The Edward Snowden revelations have provided the public, political class and press in Britain with the best opportunity in a generation to have a wide-ranging debate on state surveillance and its implications. However, while there has been lively -albeit subtly constricted- discourse about the leaks in the United States, prompting President Obama’s recent announcement of reforms, in Britain the issue has suffered from an alarming degree of critical neglect, especially it seems from Members of Parliament.
This is particularly worrying because, by now, it is impossible to deny that a sober and searching national discussion on the issue is necessary. It is axiomatic that the health of liberal democracies relies on, among other things, the successful operation of checks and balances on state power and accountability to the electorate; it should be of pressing concern to those who want to protect the much-invoked “British way of life” that a leviathan surveillance regime appears to transcend these bounds with little oversight.
Should the issue be left unaddressed, that in itself will constitute an indictment of the current state of democracy in this country.
Rather than address the concerns aroused by Snowden’s leaks directly, some commentators have been desperate to change the subject by invoking terrorism and attempting to paint journalists from the Guardian and the New York Times as irresponsible. Liberal voices in the media, including some published in these pages, have downplayed the significance of the exposures, and what little public outrage there was did not last long.
While this has meant that pressure for surveillance reform here has been far more limited than it should be, it is likely that future revelations will add to a weight of evidence that will wreck the last arguments of spy-defenders and fuel further public anger.
I spoke to Glenn Greenwald recently, one of the very few people with access to the material obtained by Snowden willing to talk to other members of the press.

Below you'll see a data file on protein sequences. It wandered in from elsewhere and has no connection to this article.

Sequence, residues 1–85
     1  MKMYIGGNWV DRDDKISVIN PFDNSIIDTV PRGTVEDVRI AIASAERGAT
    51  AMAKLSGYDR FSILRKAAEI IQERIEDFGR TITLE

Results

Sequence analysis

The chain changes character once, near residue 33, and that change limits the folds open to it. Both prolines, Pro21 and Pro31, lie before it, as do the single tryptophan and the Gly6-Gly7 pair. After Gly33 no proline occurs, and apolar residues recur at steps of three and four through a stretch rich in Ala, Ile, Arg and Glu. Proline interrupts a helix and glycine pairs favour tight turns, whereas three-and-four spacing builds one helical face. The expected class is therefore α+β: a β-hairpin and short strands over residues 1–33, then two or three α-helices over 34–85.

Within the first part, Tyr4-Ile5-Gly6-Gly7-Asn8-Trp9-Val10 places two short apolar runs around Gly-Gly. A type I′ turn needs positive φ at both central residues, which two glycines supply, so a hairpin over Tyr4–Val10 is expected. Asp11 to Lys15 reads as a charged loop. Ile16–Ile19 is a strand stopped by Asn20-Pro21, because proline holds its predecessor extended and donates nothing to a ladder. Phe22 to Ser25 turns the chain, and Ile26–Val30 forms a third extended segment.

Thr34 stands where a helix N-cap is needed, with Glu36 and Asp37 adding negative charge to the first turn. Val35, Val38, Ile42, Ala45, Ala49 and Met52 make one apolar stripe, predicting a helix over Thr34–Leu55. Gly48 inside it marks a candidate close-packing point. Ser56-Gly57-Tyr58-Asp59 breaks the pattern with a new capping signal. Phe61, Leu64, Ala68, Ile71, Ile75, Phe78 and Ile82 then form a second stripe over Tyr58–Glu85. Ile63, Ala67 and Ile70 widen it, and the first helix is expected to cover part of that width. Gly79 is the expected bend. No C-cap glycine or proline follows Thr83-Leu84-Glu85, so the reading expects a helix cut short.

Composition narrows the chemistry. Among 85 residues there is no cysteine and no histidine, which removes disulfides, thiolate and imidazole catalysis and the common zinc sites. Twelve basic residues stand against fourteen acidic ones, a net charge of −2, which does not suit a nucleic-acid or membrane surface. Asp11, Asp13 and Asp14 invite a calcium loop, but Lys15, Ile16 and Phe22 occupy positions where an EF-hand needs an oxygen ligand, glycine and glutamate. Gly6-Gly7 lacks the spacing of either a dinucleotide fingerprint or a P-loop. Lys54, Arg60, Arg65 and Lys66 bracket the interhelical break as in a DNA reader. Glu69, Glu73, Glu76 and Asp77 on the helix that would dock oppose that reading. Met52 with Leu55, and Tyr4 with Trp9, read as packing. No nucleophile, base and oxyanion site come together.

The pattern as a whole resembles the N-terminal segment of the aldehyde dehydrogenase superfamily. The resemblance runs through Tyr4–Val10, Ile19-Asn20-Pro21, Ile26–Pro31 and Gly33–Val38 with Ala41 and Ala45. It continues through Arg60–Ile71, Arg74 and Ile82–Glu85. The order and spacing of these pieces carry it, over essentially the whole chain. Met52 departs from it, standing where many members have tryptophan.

Arguments in favour of the spying programmes, he recounted, “began with [the claim that] they are necessary to stop terrorism, and the more programmes we revealed that had nothing to do with terrorism, that had to be abandoned.
"Then it became there's no evidence of abuse, and now there has been evidence of abuse: there's been evidence of people listening in on old girlfriends... now it's simply become a matter of, well, we need to do this because we will be unsafe if we don't.”
“I think each defence, the more things that have been revealed, has been undermined, and I think at this point the only thing that defenders have left to justify these programmes is that they personally don't feel threatened by them…[but] at the end of the reporting there will be very few people who don't feel personally threatened” he said.
In recent days, Snowden asserted that the NSA has been involved in industrial espionage, an allegation that augments documentary evidence of spying that has no connection whatsoever to “fighting terrorism”; examples of this which Britain’s GCHQ have reportedly participated in include the surveillance of charities, UN bodies, the EU’s competition commissioner and the monitoring of the hotel room bookings of foreign diplomats.
Bearing the above in mind, it is up to Whitehall to offer an adequate response to the evidence of illiberal, possibly illegal practices exposed by Snowden. The government can either stick to their guns, articulating the same vague, generalising and trite defences as those put forward by the spy chiefs last year, occasionally accompanied by threats, or they can respond more honestly to the concerns of the public.
If the government chooses the right path it will help to regain confidence in the security services, something that will surely only help it face the multifarious and very serious challenges of the current age; if it does not, it will help to solidify an impression that has crystallised in the minds of many over the past decade- that the government are more inclined to strategic deceit than public engagement when it comes to sensitive matters of state.